responsiveness on other devices. These days you don’t even have to physically own these devices. A lot of apps and plugins have ways to test what a website would look like on different devices. For instance, Chrome has a plugin for responsiveness testing which can be found here.

  11. Offer Consistent Experiences
  12. Barret reminds us that “engagement is part of the user experience, and it doesn’t end once the prospect makes a payment or fills out a form. Saying ‘thank you’ is a good start and basic etiquette.” Don’t forget your user once they’ve done what you want them to do. Remember, you want them to return! Keep them engaged in your website even after a purchase.

  13. Use Smarter Testing Practices
  14. Finally, test, test, test!! Prioritize your tests according to you websites’s specific needs or even your user’s specific needs. Barrets says “For example, engagement is a higher priority for sites with more interactive elements, while high cart abandonment rates mean you need to test the cart and checkout process before anything else.”

Website Example


A great example of Barret’s website design tips is The NorthFace’s website. When you first see their website, the layout looks familiar. The cart and the search bar is where you would expect it to be (upper-right hand corner) and the navigation menu is right across the top. The pictures are bright and engaging, and you can almost feel the warm of the jacket in the frigid landscape. Content is brief, but engaging. I ran the website through my Chrome responsiveness tester, and the site did really well at resizing for mobile devices.

My one complaint is the pop-up window that appears about 5 seconds after looking around the website.popup

I absolutely hate pop-ups (even worse are the ones that have a choice between “Yes, I want to be healthy and save money” and “No, I don’t care about my physical or financial health”). I’ve been known to leave a page simply due to these kinds of pop-ups. I know I’m not the only one who finds pop-ups annoying. If this was my website, I’d definitely get rid of that. It’s such an unwelcome interruption.

Questions? Comments? What do you think of Barret’s article and/or The Northface’s website? Send me a message below.

How to Unlock the Secrets of a Good Blog (Hint: You’ll Need Three Keys)

In today’s digital world, blogging has become an important element in business marketing. Unfortunately, not everyone knows how to write a successful blog. A lot of questions may go through your mind: “What do I say?”, or “How can I reach people?”, or even more importantly “Where do I begin?”.


“Just be yourself” laughs Andy Torres entrepreneur and founder of StyleScrapbook, a website dedicated to helping ordinary people acheive a high-fashion look. One glance at her blog and social media presence shows that Andy Torres knows how to gain loyal readers. Her Instagram account has over 700,000 followers and her Facebook account has close to two million. In a 2011 TedxAmsterdamWomen 2011 TED talk titled “The Key to Successful Blogging”, Torres claims that over a million people visit her blog a month.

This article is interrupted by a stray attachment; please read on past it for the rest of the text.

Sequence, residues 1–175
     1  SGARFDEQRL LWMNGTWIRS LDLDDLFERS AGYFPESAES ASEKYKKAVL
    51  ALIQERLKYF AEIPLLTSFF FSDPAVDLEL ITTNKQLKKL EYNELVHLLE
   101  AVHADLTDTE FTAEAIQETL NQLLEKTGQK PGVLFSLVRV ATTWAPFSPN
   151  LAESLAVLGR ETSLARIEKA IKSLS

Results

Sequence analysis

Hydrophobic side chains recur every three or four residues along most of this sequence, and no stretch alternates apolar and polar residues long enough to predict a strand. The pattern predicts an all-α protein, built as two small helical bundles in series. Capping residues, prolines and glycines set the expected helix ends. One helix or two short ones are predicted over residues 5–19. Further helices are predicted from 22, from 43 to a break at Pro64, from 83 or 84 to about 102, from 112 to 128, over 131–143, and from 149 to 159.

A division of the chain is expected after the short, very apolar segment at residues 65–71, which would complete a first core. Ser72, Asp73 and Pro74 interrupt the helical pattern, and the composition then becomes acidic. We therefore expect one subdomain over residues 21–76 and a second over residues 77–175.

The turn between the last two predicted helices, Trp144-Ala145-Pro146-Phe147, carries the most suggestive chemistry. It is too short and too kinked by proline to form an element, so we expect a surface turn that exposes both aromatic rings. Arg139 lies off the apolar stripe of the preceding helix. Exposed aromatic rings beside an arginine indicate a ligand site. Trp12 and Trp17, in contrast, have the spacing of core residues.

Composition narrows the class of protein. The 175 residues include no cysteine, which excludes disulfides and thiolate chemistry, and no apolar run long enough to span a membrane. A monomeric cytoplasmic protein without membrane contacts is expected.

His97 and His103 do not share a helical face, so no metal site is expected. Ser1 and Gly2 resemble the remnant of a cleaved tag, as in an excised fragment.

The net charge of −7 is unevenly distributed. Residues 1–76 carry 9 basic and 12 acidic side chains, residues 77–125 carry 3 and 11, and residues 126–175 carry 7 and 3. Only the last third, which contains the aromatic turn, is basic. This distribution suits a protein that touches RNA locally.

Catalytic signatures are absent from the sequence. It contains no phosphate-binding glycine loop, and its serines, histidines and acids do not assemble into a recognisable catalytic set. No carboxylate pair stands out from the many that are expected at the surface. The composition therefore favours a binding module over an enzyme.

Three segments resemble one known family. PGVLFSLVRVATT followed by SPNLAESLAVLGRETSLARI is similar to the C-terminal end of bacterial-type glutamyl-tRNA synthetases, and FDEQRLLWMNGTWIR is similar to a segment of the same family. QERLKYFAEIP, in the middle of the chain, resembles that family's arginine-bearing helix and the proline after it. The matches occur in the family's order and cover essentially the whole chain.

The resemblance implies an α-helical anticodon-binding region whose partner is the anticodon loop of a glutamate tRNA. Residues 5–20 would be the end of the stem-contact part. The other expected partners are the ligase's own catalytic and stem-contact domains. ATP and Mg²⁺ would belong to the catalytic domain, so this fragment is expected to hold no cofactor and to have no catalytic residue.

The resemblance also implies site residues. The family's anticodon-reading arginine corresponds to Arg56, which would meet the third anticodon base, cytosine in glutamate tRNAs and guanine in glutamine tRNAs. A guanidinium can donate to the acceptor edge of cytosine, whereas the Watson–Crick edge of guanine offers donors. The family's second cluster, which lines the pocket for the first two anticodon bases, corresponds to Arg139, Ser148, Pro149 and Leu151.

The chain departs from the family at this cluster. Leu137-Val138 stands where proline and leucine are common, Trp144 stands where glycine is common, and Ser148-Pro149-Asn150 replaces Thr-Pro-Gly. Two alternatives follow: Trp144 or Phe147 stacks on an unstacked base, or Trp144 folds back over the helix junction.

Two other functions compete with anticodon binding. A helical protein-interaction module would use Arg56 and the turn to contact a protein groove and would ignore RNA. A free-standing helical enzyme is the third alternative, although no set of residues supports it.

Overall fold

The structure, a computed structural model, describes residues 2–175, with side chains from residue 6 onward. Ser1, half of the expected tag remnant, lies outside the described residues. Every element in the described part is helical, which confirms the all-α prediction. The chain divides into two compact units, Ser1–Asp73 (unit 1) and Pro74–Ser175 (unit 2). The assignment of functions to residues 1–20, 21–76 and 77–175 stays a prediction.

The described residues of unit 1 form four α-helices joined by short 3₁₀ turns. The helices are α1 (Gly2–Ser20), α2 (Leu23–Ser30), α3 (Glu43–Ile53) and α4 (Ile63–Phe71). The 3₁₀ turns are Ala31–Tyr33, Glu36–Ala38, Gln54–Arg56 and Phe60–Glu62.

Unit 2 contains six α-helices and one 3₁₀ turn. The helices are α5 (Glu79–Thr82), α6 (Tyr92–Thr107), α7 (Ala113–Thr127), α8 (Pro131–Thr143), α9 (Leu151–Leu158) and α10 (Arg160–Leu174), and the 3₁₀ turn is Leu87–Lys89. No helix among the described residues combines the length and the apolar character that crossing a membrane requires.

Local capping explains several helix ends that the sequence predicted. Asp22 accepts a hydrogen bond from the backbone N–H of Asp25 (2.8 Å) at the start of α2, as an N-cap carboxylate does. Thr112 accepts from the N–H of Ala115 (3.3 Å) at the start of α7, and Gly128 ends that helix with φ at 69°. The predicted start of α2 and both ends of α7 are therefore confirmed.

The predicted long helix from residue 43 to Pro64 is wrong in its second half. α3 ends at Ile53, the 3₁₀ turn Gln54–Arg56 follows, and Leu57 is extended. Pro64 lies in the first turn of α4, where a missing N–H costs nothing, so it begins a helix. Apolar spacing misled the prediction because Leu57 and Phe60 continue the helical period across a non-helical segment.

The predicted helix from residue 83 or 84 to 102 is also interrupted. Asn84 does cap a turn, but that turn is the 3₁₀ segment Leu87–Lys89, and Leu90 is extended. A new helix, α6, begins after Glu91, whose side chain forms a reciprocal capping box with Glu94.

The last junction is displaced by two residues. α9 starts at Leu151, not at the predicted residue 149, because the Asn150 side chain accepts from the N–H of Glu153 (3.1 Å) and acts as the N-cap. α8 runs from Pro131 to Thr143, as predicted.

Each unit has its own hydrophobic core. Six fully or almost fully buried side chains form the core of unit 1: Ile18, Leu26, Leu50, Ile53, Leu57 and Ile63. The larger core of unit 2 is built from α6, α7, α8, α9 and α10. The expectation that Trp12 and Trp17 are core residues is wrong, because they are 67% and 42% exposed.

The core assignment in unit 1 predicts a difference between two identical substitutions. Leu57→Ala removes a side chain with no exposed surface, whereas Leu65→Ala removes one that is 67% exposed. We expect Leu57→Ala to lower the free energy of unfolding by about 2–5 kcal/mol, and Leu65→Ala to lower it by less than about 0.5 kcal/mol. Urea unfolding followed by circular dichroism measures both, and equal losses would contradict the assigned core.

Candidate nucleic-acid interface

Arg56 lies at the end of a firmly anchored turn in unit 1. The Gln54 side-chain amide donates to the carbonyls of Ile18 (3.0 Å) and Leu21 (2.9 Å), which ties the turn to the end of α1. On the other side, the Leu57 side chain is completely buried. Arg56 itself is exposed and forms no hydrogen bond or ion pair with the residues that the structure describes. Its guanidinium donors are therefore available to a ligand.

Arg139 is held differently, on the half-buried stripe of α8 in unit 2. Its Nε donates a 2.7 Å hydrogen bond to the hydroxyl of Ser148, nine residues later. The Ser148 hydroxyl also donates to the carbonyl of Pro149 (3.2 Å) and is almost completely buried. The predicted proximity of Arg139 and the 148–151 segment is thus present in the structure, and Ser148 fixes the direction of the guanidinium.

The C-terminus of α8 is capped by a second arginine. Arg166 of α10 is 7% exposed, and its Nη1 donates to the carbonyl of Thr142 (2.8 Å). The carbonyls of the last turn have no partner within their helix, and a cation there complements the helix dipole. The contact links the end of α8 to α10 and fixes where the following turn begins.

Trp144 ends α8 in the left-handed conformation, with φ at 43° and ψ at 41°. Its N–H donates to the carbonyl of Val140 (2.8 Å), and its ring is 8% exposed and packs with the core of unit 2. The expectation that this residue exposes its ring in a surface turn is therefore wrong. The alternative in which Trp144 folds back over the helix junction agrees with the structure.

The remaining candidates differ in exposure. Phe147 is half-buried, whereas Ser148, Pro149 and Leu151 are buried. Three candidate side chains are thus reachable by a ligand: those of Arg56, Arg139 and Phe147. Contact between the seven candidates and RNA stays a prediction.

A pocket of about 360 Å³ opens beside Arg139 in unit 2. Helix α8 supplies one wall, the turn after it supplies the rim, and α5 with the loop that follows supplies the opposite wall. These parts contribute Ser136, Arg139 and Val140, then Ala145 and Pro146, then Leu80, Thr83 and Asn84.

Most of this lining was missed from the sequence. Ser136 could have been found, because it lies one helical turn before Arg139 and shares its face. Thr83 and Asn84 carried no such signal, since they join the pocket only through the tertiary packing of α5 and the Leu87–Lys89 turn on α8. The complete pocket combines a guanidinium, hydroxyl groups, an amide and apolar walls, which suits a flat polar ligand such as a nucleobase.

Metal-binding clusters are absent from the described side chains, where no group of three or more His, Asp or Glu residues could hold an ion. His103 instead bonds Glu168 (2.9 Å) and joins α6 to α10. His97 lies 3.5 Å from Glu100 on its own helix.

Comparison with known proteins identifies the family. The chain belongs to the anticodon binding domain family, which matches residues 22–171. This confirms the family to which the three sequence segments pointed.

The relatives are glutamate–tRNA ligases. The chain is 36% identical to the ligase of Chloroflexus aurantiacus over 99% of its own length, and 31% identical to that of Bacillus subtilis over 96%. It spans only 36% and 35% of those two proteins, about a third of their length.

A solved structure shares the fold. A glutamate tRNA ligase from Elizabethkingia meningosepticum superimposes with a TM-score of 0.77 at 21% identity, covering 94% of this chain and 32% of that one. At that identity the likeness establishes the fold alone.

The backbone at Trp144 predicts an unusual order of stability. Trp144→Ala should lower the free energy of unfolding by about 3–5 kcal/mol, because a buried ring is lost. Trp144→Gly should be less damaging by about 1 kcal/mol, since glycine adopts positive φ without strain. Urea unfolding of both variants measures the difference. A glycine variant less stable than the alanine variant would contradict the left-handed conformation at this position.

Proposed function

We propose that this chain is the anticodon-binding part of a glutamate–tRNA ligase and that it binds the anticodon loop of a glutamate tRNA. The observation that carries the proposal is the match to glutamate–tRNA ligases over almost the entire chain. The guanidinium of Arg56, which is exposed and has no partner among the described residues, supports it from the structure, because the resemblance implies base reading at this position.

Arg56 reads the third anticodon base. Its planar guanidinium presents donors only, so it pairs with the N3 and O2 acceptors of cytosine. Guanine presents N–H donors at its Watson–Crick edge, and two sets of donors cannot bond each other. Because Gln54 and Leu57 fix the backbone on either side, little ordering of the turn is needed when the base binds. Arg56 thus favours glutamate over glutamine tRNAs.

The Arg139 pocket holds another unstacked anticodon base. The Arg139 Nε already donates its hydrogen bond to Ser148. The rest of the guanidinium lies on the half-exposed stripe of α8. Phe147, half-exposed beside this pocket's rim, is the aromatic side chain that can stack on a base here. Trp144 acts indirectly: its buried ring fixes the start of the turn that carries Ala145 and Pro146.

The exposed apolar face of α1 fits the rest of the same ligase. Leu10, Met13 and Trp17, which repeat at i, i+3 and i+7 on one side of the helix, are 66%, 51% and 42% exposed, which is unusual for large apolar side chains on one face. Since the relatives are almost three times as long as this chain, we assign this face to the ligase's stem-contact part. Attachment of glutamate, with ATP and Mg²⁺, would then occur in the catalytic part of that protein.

So, what’s her secret? Torres points to three important keys that each blog should have to be successful.

  1. Use Quality Pictures

    Torres mentions that her pictures weren’t always of the best quality. She says that it took a lot of practice to get better pictures. Good quality pictures draw the reader in and keep him or her on the page. Since our society is a very visual one (look at how much time we spend watching television shows, Netflix, and YouTube), this is good advice. Also, according to the U.S. Department of Education and the National Institute of Literacy, 32 million adults in the U.S. can’t read (you can view the statistics here). Good visual elements in a blog post help bridge that gap. In her TED talk, Torres uses the pictures below to highlight the the importance of a good picture. Both pictures are from her blog, but the one on the right is an example of a good picture taken after many years of practice.


  3. Build a Strong Social Network

    In business, we need to communicate our presence to the digital world and invite readers into our blog. How else are they going to know that it exists? Torres says that the secret to great website traffic comes from a strong social media presence on places like Facebook, Instagram, and Twitter. She mentions that the majority of her readers follow links to her blog from social media sites.

  5. Be Yourself

This may seem like simple advice, but it’s not as easy as it sounds. It’s far easier to see successful blogs and attempt to mimic their tone and/or look. Torres says this is a mistake. Readers can spot an inauthentic voice from far away. “Being genuine is attractive to others” Torres advises.

One Example of a Successful Business Blog


If you’re looking for an example of a successful blog with many of Torres’ recommendations then check out a blog (cleverly named a “Co-op Journal”) by REI, a retailer of outdoor clothing and equipment. REI seemlessly does the following:

  • Draws you in with clear and colorful pictures
  • Links you to blog posts from social media sites (take note of the use of hashtags in the picture above which allows you to link pictures, text, and other media with the use of the same hashtag)
  • Engages you with an authentic voice

REI liberally uses pictures and white space to keep the page from looking too text heavy. This invites the reader in and keeps him or her reading the blog. REI is a good example of a successful business blog.

Questions or comments? I’d love to hear what you think, so please leave them below.